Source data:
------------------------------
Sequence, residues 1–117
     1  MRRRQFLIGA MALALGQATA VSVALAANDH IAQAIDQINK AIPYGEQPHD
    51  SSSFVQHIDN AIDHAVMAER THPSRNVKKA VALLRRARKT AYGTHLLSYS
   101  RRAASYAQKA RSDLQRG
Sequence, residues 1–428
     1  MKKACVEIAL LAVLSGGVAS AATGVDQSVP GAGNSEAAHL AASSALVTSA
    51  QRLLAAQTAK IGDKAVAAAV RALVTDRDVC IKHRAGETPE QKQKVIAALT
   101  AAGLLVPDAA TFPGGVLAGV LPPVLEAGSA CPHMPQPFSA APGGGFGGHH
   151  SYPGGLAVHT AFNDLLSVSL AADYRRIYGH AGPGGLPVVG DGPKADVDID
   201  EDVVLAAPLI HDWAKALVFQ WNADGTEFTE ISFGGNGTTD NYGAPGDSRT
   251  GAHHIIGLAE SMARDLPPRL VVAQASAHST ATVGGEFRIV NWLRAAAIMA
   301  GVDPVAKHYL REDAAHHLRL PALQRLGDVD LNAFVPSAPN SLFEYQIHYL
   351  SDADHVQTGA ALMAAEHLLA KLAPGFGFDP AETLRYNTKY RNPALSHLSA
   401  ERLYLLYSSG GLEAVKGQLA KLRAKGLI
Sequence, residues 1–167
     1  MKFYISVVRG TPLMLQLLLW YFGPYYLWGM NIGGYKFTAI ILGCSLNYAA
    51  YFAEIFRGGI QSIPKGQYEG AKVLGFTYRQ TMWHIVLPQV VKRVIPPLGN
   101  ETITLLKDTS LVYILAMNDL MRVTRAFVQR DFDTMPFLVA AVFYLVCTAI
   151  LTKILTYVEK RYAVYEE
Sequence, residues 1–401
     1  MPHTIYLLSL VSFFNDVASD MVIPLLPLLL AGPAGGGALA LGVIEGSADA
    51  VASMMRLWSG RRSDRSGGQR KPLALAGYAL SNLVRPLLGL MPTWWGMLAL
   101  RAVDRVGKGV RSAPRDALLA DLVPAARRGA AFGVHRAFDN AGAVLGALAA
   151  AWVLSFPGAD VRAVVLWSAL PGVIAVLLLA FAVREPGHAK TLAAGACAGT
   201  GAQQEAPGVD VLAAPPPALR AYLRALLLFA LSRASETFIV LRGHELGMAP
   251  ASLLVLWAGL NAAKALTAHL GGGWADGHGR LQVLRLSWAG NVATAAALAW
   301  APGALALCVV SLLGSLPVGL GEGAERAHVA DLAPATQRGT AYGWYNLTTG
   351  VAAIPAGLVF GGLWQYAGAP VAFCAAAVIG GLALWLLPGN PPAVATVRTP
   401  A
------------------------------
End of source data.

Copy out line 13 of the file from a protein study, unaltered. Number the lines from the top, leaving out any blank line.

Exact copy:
   351  SDADHVQTGA ALMAAEHLLA KLAPGFGFDP AETLRYNTKY RNPALSHLSA